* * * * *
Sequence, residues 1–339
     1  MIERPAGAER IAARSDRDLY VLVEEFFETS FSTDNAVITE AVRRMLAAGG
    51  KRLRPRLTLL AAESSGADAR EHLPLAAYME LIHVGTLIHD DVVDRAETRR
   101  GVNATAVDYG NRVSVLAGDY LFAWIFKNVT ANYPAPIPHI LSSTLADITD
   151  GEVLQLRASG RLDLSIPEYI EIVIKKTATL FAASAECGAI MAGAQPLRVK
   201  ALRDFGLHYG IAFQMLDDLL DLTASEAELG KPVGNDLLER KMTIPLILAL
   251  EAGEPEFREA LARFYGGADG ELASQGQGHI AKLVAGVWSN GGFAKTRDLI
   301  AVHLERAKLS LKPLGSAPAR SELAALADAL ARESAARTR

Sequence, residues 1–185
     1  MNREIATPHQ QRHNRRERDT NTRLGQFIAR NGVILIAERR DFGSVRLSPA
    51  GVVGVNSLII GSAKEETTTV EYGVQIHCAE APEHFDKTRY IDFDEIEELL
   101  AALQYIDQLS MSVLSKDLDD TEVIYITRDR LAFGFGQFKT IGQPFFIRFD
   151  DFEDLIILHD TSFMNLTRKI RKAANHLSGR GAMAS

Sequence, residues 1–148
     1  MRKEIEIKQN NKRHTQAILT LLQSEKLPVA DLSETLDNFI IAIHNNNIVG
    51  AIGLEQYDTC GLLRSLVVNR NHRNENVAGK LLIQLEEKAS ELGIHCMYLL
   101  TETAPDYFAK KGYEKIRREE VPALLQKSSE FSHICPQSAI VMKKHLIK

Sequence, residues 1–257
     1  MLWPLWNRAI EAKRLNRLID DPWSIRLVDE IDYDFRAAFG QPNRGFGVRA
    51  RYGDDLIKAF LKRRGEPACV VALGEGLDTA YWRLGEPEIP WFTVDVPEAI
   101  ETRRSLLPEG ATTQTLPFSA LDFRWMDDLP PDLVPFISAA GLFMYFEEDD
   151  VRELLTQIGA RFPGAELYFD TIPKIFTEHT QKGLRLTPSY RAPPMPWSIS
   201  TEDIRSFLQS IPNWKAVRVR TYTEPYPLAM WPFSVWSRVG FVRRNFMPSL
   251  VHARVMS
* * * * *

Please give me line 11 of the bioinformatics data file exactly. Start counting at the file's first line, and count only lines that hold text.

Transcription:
    51  GVVGVNSLII GSAKEETTTV EYGVQIHCAE APEHFDKTRY IDFDEIEELL